Impossible Foods and beyond: Burgers, bacon, fish born from plants and labs

From Beyond Burgers to fish grown from cells, we're already tasting the future.

Amanda Kooser
Freelance writer Amanda C. Kooser covers gadgets and tech news with a twist for CNET. When not wallowing in weird gear and iPad apps for cats, she can be found tinkering with her 1956 DeSoto.
Amanda Kooser
1 of 16 Impossible Foods

Impossible Burger

As more diners turn to chicken, beef, pork and seafood alternatives because of environmental concerns or as a way to enhance a vegetarian or vegan diet, innovative cultured-meat growers and makers of plant-based food are rushing to meet the demand.

Impossible Foods is one of the highest-profile purveyors of plant-based meat alternatives. The Impossible Burger got an upgrade in 2019 with a new formulation. It not only looks like a real hamburger, but many diners also report that it's almost indistinguishable from the real thing. 

2 of 16 Impossible Foods

Impossible Whopper

Fast food may never be the same. Impossible Foods teamed with fast-food franchise Burger King in 2019 to introduce the Impossible Whopper, a nonbeef version of the famous sandwich. According to the taste buds of CNET testers, the Impossible Whopper could pass for a beef Whopper.

Impossible Pork
3 of 16 Abrar Al-Heeti/CNET

Impossible Pork

Not content to just mimic beef, Impossible Foods debuted Impossible Pork at CES 2020 in Las Vegas in January. The plant-based substitute steps in for ground pig meat. Impossible Foods also has plans to create a fake bacon.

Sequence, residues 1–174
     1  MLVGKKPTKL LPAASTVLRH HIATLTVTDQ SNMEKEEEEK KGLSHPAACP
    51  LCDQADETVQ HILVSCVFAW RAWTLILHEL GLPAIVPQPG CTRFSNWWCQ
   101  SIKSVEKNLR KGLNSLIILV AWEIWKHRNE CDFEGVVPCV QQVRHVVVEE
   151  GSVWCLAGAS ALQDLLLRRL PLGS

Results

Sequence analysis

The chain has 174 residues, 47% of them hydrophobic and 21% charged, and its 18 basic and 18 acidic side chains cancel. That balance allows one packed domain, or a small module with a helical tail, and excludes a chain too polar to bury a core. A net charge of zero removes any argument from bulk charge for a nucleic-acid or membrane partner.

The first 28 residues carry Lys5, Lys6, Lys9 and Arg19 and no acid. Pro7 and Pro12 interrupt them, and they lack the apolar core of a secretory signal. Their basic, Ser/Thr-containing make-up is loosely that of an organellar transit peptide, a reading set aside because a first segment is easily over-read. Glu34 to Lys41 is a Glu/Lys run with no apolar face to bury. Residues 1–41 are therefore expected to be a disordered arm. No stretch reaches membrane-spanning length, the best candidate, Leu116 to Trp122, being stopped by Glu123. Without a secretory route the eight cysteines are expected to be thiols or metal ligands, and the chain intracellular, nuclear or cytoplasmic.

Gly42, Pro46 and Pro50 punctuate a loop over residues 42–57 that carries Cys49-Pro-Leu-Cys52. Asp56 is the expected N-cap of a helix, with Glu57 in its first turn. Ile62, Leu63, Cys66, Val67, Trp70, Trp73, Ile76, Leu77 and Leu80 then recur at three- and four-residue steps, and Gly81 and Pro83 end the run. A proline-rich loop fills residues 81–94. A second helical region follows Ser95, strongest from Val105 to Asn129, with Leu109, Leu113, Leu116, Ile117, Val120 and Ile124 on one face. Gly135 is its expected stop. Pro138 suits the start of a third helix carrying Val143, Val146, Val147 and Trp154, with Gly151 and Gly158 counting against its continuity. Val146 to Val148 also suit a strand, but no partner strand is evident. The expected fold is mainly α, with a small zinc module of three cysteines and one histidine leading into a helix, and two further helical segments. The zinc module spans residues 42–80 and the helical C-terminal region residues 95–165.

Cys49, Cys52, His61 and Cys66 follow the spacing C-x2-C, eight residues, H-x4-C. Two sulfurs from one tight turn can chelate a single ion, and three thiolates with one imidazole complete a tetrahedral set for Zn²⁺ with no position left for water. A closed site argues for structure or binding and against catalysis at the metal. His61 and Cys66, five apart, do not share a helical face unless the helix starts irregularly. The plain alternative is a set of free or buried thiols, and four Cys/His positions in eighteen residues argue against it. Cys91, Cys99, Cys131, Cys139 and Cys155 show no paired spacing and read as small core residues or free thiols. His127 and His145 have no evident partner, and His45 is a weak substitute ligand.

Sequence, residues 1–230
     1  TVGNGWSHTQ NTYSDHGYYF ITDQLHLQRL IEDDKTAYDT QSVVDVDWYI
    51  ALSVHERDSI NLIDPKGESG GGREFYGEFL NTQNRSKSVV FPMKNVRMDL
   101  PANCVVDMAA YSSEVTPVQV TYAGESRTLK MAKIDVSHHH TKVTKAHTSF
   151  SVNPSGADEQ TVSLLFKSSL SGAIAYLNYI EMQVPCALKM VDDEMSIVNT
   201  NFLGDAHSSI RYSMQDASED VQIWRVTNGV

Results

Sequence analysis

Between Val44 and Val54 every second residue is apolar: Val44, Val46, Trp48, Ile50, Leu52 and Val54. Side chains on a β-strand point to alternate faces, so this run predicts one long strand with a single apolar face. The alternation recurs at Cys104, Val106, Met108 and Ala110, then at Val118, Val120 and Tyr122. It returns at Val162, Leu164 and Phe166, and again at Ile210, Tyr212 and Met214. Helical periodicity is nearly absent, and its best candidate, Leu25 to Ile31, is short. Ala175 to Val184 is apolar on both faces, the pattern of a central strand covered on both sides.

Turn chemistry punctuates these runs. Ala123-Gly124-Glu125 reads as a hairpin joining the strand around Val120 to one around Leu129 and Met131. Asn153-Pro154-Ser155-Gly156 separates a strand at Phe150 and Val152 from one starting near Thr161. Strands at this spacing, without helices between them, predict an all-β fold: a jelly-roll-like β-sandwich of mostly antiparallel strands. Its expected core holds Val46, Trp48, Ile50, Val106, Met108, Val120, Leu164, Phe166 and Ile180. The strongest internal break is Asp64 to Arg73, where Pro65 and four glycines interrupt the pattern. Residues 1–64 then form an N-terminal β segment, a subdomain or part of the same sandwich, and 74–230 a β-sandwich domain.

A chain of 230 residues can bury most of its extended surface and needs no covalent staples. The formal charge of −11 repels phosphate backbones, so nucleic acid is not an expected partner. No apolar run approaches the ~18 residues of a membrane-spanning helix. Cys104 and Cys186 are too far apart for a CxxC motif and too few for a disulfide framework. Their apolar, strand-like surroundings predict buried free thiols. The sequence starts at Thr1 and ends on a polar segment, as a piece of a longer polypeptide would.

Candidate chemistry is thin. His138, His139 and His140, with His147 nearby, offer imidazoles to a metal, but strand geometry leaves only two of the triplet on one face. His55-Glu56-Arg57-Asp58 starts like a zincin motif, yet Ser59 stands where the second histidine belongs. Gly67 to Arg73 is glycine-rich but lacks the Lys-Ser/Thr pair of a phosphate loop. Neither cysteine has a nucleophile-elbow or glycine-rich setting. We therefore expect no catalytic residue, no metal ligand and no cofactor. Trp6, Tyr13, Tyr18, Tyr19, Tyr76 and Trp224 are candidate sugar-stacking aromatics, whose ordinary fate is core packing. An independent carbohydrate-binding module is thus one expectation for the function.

4 of 16 Oliver Padilla/CNET

Vegan fried chicken

Atlas Monroe's vegan fried chicken has the look down pat. The faux meat is based on wheat protein, but the company keeps the exact ingredient list under wraps. CNET's team tasted the extra-crispy sandwich at CES 2020. The tasters said it had a spot-on appearance, seasoning and moisture content. 

5 of 16 Oliver Padilla/CNET

Wild.Skinny.Clean shrimp

These coconut shrimp might look like they came from the deep, but they're a plant-based alternative from Wild.Skinny.Clean. A team of CNET tasters tried the shrimp at CES 2020 and said the taste and texture was on point.

A Wild.Skinny.Clean representative said the main ingredient is konjac root, a starchy tuber. The company also makes a crabless cake. 

6 of 16 Oliver Padilla/CNET

Faking bacon

Bacon is one of the holy grails of plant-based foods. It's a tough dish to imitate, though many have tried. Wild.Skinny.Clean previewed an upcoming bacon product at CES 2020 that will wrap around its plant-based shrimp. CNET's taste-testing team enjoyed the hickory flavor, sweetness and crispiness of the fake bacon.

7 of 16 Memphis Meats

No-duck à l'orange.

"Clean meat" innovator Memphis Meats showed off some very gourmet-looking creations in 2017. This duck à l'orange is made with duck meat grown from poultry cells. 

The cells are harvested from livestock (which live through the process). The cells are fed nutrients, allowed to grow, and then harvested for eating. 

8 of 16 Memphis Meats

'Clean meat' chicken

This Southern fried cultured chicken is another dish from Memphis Meats, which grows meat from cells in a lab. "It's real meat, and life-long meat eaters immediately recognize it and enjoy it," the company said.